Results of the Northern Manhattan Diabetes Community Outreach Project: A Randomized Trial Studying a Community Health Worker Intervention to Improve Diabetes Care in Hispanic Adults
- Walter Palmas1⇑,
- Sally E. Findley2,
- Miriam Mejia3,
- Milagros Batista3,
- Jeanne Teresi4,
- Jian Kong4,
- Stephanie Silver4,
- Elaine M. Fleck5,
- Jose A. Luchsinger5 and
- Olveen Carrasquillo6
- 1Columbia University Medical Center, New York, NY
- 2Columbia University Mailman School of Public Health, New York, NY
- 3Alianza, New York, NY
- 4Research Division, Hebrew Home for the Aged at Riverdale, Bronx, NY
- 5Columbia University, New York, NY
- 6Division of General Internal Medicine, University of Miami Miller School of Medicine, Miami, FL
- Corresponding author: Walter Palmas, .
OBJECTIVE The Northern Manhattan Diabetes Community Outreach Project evaluated whether a community health worker (CHW) intervention improved clinically relevant markers of diabetes care in adult Hispanics.
RESEARCH DESIGN AND METHODS Participants were adult Hispanics, ages 35–70 years, with recent hemoglobin A1c (A1C) ≥8% (≥64 mmol/mol), from a university-affiliated network of primary care practices in northern Manhattan (New York City, NY). They were randomized to a 12-month CHW intervention (n = 181), or enhanced usual care (educational materials mailed at 4-month intervals, preceded by phone calls, n = 179). The primary outcome was A1C at 12 months; the secondary outcomes were systolic blood pressure (SBP), diastolic blood pressure, and LDL-cholesterol levels.
RESULTS There was a nonsignificant trend toward improvement in A1C levels in the intervention group (from unadjusted mean A1C of 8.77 to 8.40%), as compared with usual care (from 8.58 to 8.53%) (P = 0.131). There was also a nonsignificant trend toward an increase in SBP and LDL cholesterol in the intervention arm. Intervention fidelity, measured as the number of contacts in the intervention arm (visits, phone contacts, group support, and nutritional education), showed a borderline association with greater A1C reduction (P = 0.054). When assessed separately, phone contacts were associated with greater A1C reduction (P = 0.04).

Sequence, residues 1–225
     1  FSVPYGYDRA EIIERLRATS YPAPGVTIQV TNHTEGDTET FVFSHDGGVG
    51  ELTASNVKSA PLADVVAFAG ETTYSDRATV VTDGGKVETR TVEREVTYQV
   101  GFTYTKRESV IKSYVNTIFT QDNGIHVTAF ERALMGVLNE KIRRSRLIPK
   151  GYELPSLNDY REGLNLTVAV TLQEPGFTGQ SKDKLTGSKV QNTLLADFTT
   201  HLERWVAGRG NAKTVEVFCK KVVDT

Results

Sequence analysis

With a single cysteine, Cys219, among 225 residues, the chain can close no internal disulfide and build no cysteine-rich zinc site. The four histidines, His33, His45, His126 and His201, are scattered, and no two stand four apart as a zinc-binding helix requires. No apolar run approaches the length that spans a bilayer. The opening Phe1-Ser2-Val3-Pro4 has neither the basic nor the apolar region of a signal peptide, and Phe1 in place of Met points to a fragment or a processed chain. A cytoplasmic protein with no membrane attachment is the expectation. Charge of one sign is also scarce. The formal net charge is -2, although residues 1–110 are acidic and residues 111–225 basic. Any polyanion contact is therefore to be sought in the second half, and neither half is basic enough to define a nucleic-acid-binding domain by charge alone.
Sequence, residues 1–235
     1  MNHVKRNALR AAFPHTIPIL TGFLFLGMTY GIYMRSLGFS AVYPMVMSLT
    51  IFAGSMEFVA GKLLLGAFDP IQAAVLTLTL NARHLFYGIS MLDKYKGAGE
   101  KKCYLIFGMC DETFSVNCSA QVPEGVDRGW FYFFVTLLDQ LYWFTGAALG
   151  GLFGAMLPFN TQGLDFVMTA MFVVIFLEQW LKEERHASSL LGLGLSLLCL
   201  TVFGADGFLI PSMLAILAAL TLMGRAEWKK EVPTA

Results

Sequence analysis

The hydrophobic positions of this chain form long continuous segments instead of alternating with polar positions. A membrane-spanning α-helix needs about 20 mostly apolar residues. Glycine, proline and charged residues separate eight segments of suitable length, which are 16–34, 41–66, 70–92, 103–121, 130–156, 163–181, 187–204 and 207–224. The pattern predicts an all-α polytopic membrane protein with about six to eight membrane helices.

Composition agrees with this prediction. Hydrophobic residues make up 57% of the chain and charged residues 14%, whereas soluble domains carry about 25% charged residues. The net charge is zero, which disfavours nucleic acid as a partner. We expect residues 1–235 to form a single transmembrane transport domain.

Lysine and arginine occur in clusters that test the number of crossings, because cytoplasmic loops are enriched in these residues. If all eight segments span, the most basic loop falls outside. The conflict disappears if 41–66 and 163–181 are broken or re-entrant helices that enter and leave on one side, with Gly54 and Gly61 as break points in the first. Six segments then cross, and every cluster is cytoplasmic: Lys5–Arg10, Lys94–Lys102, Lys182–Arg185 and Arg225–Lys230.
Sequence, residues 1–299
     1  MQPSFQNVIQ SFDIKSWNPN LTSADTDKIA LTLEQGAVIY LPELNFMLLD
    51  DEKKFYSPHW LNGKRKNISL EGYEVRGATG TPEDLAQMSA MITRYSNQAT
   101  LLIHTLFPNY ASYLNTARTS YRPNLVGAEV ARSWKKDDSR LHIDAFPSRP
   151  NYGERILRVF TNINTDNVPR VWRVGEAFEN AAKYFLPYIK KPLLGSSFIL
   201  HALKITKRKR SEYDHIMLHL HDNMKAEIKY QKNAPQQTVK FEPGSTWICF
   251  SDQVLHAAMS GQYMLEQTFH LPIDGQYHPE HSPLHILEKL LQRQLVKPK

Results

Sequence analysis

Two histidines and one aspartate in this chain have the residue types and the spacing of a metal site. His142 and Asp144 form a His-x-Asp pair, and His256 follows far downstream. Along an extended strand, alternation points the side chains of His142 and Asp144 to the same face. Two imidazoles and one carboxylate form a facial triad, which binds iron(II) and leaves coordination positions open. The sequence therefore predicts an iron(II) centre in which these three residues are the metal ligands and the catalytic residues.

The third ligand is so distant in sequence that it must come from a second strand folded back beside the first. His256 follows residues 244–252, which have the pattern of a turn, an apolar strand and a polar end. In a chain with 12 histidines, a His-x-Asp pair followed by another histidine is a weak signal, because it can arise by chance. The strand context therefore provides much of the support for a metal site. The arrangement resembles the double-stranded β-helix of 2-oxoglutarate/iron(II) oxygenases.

CONCLUSIONS The trend toward A1C reduction with the CHW intervention failed to achieve statistical significance. Greater intervention fidelity may achieve better glycemic control, and more accessible treatment models, such as phone-based interventions, may be more efficacious in socioeconomically disadvantaged populations.
Clinical trial reg. no. NCT00787475, clinicaltrials.gov.
The content is solely the responsibility of the authors and does not necessarily represent the official views of the National Institutes of Health.
- Received September 10, 2013.
- Accepted November 27, 2013.
- © 2014 by the American Diabetes Association.
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